He was a nobody in a world of nothing. There was peace in that thought to.
His silent musings came to and end with the road split. He took the path that led him further from Lion’s way. He wondered as tread that road into a downwards path if he could stay, if he could forget everything and start anew.
The cobble stone shifted to steps and the steps a narrow passage past many looming overhead houses.
Up-landers idling on their porches watched him pass by. He saw a cat or two prowl around, and he deftly avoided a half turned dog that yipped at him furiously as it tried to escape its tethered leash.
At the end of the steps he saw another narrow street with brimming red lanterns. Voices of laughter, mixed of men and women echoed from it and suspicious perfumes wafted low.
He went the opposite way where more households awaited him. It was quieter there. He enjoyed the quiet. But when those old houses gave way to newer ones and the street expanded extraordinarily, he knew had chosen the wrong path for what he enjoyed.
He came upon a place where lights and people and laughter gathered. It was a beacon that lit all in its confines with dozens of turns blocking the view.
Then he heard music, the thunder of drums, the pluck of twanging strings and at last the flute. He was drawn to it. Absorbed as the melody that played made him anticipate the next verse then the next, until at last he was enthralled.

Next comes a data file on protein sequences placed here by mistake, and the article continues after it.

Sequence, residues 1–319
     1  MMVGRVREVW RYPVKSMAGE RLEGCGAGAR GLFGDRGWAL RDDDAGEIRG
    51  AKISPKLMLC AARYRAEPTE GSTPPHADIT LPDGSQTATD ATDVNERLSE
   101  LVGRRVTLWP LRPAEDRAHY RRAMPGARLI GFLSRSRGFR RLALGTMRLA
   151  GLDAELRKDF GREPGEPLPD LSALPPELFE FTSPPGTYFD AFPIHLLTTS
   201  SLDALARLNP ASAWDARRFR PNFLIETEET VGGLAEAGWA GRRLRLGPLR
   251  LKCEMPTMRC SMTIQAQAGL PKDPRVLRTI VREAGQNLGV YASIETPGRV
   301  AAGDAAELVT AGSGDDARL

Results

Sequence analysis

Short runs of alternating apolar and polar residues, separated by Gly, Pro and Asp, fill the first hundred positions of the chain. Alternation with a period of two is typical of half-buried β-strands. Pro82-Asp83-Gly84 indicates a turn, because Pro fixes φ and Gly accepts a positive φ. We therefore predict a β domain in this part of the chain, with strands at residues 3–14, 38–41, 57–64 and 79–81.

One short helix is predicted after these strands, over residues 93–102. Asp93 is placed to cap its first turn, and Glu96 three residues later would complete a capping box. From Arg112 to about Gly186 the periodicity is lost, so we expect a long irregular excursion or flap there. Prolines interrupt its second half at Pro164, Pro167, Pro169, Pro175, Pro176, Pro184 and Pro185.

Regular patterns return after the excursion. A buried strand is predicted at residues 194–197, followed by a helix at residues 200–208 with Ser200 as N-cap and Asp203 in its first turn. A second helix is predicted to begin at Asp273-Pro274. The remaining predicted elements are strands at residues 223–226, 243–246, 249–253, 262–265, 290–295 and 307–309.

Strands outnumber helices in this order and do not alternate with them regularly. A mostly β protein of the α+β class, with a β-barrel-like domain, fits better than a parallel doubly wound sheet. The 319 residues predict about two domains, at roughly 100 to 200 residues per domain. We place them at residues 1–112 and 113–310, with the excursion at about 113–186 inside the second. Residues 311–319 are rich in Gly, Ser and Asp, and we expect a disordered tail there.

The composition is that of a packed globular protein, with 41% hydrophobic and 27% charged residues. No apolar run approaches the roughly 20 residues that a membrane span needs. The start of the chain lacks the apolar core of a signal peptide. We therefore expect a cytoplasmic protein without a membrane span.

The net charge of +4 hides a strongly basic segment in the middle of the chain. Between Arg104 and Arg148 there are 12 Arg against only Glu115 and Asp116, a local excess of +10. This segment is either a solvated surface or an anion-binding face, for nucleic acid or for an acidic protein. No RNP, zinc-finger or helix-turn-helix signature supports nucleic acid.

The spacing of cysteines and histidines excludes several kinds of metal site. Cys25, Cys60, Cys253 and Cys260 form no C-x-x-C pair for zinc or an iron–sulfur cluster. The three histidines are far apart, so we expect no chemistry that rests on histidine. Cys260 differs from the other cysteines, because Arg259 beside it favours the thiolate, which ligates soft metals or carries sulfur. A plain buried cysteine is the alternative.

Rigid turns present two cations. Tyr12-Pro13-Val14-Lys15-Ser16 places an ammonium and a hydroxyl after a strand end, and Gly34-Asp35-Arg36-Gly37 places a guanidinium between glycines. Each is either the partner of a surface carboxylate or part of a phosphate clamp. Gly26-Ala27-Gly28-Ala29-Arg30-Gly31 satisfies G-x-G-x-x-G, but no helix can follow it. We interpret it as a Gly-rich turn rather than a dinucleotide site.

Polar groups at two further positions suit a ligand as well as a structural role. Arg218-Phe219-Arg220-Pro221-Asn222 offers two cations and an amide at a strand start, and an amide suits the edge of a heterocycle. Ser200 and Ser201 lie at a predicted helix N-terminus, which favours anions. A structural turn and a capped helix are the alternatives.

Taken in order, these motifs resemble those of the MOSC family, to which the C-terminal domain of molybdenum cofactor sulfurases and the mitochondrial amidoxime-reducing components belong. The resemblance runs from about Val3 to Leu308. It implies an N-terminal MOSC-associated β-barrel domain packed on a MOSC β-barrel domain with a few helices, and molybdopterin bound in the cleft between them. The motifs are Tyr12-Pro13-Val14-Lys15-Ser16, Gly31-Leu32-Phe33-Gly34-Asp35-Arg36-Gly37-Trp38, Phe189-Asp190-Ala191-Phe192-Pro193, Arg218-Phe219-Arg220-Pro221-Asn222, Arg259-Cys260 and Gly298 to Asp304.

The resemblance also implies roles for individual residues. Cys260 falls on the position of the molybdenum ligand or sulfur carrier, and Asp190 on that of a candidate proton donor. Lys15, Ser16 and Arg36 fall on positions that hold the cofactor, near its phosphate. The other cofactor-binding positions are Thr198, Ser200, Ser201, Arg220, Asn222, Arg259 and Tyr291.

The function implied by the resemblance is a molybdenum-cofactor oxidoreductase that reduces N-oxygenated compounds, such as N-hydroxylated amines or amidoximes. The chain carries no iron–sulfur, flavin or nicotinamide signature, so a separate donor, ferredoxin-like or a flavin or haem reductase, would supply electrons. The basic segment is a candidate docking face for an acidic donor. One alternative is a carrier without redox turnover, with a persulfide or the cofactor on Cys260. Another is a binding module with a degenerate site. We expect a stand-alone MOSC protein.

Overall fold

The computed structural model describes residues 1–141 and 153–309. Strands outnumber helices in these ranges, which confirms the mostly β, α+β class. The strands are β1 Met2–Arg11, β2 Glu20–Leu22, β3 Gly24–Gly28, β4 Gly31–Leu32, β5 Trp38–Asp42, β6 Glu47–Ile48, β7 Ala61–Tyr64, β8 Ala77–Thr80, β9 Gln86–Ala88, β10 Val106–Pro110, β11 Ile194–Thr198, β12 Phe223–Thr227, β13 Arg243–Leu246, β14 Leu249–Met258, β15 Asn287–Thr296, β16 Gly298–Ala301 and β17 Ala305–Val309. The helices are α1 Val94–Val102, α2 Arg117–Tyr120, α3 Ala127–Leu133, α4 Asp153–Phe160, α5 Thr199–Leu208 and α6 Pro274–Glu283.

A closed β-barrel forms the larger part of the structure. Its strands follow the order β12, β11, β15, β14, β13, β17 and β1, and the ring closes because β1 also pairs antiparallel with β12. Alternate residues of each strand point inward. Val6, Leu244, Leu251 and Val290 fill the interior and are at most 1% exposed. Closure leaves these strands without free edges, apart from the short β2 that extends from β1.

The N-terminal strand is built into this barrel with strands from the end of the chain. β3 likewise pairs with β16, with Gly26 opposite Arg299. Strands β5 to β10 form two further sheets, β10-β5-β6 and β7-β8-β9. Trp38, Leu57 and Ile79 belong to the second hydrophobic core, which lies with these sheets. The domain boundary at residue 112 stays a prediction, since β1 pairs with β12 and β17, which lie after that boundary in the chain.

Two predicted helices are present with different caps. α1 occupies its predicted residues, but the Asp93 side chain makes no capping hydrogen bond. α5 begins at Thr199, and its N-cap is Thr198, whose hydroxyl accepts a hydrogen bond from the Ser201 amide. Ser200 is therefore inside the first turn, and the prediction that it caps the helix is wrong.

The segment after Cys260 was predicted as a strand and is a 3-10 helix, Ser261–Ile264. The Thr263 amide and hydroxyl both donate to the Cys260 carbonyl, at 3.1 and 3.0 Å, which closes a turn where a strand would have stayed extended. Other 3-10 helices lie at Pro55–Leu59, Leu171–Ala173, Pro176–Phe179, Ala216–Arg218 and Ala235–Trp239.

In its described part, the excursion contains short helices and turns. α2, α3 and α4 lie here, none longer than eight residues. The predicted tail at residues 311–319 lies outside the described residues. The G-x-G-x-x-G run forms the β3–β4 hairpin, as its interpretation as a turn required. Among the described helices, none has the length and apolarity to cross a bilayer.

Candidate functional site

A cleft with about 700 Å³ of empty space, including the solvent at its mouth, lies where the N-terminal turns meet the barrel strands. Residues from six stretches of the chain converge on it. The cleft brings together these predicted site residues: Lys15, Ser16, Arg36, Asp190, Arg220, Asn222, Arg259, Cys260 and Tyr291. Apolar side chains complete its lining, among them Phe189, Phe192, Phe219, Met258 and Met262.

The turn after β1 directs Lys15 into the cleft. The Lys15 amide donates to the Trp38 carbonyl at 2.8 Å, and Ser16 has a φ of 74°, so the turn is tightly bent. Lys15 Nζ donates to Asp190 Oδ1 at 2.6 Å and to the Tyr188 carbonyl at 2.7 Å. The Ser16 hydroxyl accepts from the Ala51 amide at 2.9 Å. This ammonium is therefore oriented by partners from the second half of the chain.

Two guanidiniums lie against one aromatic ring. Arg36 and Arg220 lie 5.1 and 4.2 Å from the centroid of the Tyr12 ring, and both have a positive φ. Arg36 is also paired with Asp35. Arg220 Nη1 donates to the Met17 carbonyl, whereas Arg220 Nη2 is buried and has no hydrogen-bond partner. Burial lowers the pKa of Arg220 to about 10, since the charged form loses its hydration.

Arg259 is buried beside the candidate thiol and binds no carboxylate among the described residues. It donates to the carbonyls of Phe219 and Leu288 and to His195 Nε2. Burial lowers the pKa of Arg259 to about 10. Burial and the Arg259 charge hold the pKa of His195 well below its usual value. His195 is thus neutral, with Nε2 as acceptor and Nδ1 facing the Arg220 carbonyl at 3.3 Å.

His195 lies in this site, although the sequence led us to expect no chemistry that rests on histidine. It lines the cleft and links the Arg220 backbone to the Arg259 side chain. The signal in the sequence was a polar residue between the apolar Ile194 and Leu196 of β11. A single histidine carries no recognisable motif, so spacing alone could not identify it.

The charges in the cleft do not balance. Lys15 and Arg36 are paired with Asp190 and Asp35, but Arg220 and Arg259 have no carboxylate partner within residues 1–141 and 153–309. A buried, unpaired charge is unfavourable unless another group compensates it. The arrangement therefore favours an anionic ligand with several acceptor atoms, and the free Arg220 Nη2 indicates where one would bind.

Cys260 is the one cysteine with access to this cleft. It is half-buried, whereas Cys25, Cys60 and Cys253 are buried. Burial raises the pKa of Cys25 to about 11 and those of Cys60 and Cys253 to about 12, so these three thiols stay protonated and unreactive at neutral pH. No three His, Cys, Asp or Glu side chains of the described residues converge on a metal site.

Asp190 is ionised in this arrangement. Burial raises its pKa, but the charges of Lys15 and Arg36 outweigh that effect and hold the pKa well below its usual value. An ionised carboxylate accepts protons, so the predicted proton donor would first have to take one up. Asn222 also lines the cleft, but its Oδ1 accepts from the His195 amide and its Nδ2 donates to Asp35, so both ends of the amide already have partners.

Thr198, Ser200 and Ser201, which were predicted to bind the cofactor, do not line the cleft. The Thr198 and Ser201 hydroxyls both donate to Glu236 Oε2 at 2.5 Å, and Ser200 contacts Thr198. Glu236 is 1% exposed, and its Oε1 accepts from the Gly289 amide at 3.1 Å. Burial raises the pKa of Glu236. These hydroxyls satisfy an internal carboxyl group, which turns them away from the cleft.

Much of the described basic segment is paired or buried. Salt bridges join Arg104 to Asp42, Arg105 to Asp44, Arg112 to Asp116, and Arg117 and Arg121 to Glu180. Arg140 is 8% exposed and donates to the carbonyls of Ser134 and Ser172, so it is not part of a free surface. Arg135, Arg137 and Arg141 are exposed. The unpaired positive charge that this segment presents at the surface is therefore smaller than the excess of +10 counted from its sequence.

He realised dumbly that it was an orchestral rendition of a famous song from below: Give Thanks to Metal.
The song reached it’s last verse and he mouthed the words that were not said.
We’ll find the cure…
We’ll find the cure…
And until that…
The final note played to resounding applause. Whistles and hoots followed.
A voice boomed above the crowds. It was woman’s, a merchant’s and a commander all, “Thank you, thank you,” she rasped. “Our traveling chorus will be at Ming’s Plaza next. Please, turns of all kinds and ages attend us there. See to this our penultimate performance, and if not, know our name. For we are…”
She paused as the other performers made to her side making three in all.
The name left something to be had, but among those who said it, he recognised a voice. Curious at first then jittering and terrified he pushed to the front in a wash of emotions. There he gawked at what he feared most. He hoped to all the Hours that his ears did not flare and, especially, that she did not see him. But ofcourse, she did. She even waved.
The performer with the stringed instrument, now gathered with her fellows, eyed him with a smile. That prompted a few of the onlookers to stare his way as they dissipated. She seemed the model up-lander by her looks. Black hair cut by her shoulders, tempered beige skin, and black eyes underneath uplifted brows that made her seem constantly at ease. Not a hint of a turn upon her, nor, as Tig hesitantly recalled, the rest of her.
“Know him?” began the center stage woman.
He dared a look and found a curt nod.
“Why yes, at the bathho--”
“Bathhousestore,” spoke up Tig. “Store.”
The centerstage woman was a tall turn with long ebony locks that flowed passed her hips. She let down to an athletic landing and stood towering over the boy. Puffed slacks and top hung from her lithe form loosely. Her clothes were dark and green against her. Her face was of a tin alloy. Wrinkles creased by her cheeks from excess smiling.
“Didn’t know they had a store for that,” she said, squinting at the boy. “But if you’re a friend of Koto’s, I will not doubt you. Me? Hah,” she jabbed her chest. “Call me Madam Lulupalalusevot.”
Tig struggled as he attempted her name.